Vampire Weekend helped close out SXSW 2013 last night with a crowd-pleasing after-midnight set at Stubb’s BBQ. It was a moment-of-truth performance for the band – their first full U.S. show in nearly a year, and their first opportunity to share several songs from their highly anticipated third album, Modern Vampires of the City (due out May 7th), with the public. If this was a test, Vampire Weekend passed it with flying colors.
The four band members took the stage at 12:20 a.m., with the appropriately bombastic opening bars of DMX’s 1999 banger “What’s My Name” blasting loudly over the P.A. to announce their arrival. The packed crowd, already primed after a four-alarm blazing opening set by L.A. sister act HAIM, jumped for joy to see their heroes back again. Vampire Weekend leapt without preamble into an adrenaline-laced rendition of 2010’s nervy “Cousins,” and they were off – frontman Ezra Koenig singing with a sped-up swagger, Rostam Batmanglij bashing away at a second guitar, bassist Chris Baio pogoing in place and drummer Chris Tomson lost in a blur of rhythm.
The next few songs were all greeted with big cheers, especially 2008’s fan favorite “Cape Cod Kwassa Kwassa” and 2010’s “White Sky.” Here was the Vampire Weekend this audience knew, with its sprightly blend of Afropop influences and collegiate wit, and they clearly adored it. But all that was just a palate-cleanser. After four familiar tunes, Koenig tossed his ivory sweater aside. It was time for the first new song of the night: “Diane Young,” the jittery electro-rockabilly jumper that will be released as Modern Vampires of the City‘s first single on Monday. There was a hint of anxious energy in the air as the band began playing; the audience fell quiet during the first chorus, which features tweaky pitch-shifted vocals from Koenig (manipulated in real time by Batmanglij). By the second time the chorus came around, there were whoops of approval rippling through the venue. When the song ended in a last burst of manic energy, the house responded with solid applause. One guy even shouted, “Play it again!”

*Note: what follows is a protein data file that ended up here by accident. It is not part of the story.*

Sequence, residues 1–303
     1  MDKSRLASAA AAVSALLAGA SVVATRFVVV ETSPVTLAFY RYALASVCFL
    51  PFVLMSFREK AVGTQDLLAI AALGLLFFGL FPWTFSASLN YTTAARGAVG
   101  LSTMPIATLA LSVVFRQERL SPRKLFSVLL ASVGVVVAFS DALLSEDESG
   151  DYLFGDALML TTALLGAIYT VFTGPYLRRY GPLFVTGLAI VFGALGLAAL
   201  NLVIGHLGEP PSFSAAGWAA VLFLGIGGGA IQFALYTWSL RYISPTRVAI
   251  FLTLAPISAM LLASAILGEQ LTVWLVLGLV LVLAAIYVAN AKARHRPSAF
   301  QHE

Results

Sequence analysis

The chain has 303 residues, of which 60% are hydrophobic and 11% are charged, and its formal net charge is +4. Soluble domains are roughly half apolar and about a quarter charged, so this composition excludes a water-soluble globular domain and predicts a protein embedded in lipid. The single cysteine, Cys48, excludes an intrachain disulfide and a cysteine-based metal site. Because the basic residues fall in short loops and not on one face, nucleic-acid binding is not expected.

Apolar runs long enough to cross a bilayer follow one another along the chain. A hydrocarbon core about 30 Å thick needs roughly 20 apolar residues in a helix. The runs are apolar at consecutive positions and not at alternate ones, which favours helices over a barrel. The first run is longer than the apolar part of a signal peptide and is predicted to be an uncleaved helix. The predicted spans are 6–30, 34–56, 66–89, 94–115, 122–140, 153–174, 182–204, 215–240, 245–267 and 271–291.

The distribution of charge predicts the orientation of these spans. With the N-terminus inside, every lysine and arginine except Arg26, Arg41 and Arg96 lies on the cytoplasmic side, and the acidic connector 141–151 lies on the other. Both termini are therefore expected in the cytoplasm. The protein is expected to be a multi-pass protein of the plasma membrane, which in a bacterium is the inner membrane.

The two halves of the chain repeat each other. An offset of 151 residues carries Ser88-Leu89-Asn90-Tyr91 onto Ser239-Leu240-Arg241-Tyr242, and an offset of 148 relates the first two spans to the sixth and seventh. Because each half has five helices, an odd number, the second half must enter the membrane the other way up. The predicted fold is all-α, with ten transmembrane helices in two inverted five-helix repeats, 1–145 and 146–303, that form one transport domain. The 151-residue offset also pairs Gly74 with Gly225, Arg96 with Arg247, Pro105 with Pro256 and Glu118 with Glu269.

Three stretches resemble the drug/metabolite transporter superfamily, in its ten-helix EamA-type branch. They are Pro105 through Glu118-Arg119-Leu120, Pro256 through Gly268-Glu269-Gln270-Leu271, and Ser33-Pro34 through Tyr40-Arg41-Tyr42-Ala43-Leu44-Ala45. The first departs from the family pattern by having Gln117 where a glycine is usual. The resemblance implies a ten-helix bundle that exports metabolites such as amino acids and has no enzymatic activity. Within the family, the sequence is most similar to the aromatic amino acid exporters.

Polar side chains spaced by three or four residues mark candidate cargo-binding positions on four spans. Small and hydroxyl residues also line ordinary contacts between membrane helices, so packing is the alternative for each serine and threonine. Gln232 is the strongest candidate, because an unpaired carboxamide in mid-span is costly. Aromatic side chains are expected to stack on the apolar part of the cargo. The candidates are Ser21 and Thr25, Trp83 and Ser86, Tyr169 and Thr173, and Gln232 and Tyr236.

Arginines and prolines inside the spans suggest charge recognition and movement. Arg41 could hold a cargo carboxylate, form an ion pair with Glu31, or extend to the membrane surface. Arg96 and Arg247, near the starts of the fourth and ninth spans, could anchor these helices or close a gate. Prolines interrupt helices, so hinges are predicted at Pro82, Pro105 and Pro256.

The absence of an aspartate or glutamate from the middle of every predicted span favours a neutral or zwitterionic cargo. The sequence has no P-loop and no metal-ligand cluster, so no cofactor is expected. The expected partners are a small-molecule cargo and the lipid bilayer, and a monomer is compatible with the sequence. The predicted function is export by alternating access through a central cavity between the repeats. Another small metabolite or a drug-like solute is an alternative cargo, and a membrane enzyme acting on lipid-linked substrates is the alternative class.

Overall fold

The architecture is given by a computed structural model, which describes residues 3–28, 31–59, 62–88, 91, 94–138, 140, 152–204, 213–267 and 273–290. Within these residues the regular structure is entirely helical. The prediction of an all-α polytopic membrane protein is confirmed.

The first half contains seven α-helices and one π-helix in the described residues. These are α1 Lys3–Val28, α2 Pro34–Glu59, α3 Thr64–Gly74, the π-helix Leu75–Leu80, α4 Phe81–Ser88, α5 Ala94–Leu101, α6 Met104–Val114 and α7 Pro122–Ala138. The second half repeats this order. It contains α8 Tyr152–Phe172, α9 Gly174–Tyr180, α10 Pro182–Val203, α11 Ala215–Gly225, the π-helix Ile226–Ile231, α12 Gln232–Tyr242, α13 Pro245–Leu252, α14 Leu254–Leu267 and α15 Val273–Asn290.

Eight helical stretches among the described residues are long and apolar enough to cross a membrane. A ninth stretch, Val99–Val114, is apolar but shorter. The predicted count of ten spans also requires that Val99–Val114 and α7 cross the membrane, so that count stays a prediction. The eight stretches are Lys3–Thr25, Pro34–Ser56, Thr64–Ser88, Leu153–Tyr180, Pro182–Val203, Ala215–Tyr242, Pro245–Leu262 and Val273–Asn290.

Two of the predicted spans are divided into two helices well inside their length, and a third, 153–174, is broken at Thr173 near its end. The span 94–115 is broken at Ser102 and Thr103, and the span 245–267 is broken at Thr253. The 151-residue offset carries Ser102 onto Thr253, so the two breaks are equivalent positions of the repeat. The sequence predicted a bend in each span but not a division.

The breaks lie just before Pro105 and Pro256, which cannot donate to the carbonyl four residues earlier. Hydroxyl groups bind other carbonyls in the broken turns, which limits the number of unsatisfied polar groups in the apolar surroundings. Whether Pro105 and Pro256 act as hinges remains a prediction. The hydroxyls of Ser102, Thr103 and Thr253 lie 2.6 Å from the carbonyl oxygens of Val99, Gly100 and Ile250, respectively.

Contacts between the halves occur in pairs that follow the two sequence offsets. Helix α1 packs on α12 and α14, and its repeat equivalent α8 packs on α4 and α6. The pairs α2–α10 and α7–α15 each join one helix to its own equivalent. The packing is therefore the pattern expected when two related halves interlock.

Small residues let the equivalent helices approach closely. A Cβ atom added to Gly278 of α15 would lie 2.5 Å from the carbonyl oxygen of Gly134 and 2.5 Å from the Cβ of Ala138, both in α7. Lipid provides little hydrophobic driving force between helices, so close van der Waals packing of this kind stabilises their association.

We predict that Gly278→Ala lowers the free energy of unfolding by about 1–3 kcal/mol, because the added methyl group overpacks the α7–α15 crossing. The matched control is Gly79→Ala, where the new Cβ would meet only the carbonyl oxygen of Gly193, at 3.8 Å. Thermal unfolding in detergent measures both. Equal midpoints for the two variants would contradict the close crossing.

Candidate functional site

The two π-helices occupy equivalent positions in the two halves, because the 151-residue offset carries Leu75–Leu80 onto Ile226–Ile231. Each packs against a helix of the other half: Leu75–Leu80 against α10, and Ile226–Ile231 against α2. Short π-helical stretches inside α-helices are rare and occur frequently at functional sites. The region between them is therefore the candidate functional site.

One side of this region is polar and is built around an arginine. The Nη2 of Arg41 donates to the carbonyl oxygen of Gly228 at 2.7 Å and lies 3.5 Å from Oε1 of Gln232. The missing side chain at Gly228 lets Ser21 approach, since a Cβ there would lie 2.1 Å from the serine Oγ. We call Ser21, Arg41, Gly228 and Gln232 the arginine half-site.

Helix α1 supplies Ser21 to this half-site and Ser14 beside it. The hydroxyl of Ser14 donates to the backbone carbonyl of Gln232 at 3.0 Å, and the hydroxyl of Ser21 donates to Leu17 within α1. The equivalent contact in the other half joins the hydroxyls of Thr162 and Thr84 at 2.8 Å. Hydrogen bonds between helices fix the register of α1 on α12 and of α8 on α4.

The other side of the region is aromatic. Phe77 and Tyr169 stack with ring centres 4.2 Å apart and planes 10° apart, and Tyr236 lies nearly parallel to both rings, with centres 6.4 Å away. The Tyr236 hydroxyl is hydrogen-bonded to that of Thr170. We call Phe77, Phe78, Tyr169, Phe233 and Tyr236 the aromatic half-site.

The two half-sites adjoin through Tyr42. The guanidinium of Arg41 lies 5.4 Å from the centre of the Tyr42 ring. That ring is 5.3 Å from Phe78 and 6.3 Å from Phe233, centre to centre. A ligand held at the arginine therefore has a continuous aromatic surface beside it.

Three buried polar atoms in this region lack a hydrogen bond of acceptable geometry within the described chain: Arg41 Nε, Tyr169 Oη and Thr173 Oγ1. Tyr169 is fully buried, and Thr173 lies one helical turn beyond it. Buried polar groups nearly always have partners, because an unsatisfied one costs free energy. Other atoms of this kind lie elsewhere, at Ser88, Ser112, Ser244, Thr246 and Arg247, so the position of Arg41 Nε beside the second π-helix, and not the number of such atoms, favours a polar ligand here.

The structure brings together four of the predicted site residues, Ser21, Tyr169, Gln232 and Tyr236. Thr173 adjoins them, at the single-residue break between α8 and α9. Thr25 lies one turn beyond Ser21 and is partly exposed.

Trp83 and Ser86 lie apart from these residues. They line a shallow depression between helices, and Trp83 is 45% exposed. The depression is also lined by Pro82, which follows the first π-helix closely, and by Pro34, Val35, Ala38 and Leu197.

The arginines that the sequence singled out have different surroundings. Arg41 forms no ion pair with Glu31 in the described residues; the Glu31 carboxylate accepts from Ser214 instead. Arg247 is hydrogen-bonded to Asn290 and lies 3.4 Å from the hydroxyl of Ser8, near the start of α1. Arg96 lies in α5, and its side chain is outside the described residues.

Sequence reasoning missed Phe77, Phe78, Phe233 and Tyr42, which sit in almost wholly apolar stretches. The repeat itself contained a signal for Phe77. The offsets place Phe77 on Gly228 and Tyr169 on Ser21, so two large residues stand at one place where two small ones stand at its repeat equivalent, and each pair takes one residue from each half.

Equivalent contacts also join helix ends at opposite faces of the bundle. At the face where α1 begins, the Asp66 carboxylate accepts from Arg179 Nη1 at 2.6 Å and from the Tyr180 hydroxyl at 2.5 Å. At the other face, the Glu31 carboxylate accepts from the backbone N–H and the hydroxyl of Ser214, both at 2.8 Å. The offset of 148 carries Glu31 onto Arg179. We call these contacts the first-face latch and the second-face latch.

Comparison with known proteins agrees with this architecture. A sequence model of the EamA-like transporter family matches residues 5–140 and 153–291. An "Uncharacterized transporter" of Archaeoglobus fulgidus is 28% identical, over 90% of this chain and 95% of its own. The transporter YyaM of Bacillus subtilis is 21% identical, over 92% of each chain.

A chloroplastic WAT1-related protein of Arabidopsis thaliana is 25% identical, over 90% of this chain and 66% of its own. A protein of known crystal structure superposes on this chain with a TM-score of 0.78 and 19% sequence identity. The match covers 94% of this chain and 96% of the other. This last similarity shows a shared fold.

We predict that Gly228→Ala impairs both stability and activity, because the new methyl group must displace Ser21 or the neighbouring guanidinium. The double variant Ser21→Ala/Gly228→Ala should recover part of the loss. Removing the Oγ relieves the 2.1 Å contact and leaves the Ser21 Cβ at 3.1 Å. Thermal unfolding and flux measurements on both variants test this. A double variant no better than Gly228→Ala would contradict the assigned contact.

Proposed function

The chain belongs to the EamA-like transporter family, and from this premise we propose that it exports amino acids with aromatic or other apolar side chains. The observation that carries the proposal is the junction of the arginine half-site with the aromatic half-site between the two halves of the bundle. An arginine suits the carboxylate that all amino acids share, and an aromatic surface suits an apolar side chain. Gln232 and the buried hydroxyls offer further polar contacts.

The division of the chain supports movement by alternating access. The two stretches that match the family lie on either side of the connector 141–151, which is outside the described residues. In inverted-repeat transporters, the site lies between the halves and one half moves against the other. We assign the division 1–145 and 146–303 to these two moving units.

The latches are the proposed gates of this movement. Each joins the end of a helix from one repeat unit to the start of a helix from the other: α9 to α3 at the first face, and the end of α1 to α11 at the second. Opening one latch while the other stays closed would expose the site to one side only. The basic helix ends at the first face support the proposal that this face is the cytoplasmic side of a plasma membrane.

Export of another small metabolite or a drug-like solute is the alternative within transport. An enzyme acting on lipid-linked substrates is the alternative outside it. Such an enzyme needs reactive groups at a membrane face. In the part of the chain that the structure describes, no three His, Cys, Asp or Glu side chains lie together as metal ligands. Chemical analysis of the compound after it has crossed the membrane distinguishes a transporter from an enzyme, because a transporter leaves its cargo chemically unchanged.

The band pivoted with ease back into 2010’s “Holiday” and “California English” – songs that Vampire Weekend perfected on the lengthy world tour for their previous album and before. Koenig smiled wide as they got the crowd bouncing on its heels with 2008’s “A-Punk,” then switched to an acoustic guitar for “Unbelievers,” the cheerfully death-obsessed new song that they debuted on TV last fall. He took a modest theatrical bow at the end, much appreciated by the audience.
The main set ended with a few more reliable older numbers. When Vampire Weekend first released 2008’s “Campus,” they were barely out of the undergrad world in which the song is set; now, seven years after graduation, it’s become a song of fond nostalgia. Koenig rolled up his sleeves and arched a puckish eyebrow as the band segued seamlessly into “Oxford Comma,” once their signature song in that early era. Everyone in the band was grinning as the crowd sang along to every word.
Fans cheered for “one more song” after the band closed with a spirited spin through 2010’s “Giving Up the Gun.” It barely took a minute for the band to re-emerge from backstage. “We’ll do more than one,” Koenig said with a smile,” since you guys are so nice.” They began the encore with another brand new song: “Ya Hey,” a bittersweet ballad with reggae-influenced lyrics about Babylon, Zion, fire and the paranoid style. After a heartbreaking version of 2010’s “I Think Ur a Contra” and a giddy call-and-response on 2008’s “One (Blake’s Got a New Face),” they sent us home with 2008’s wistful “Walcott.” Arms were waving slowly all through the BBQ as the show came to a gentle close at 1:35 a.m. Just about everyone went home happy.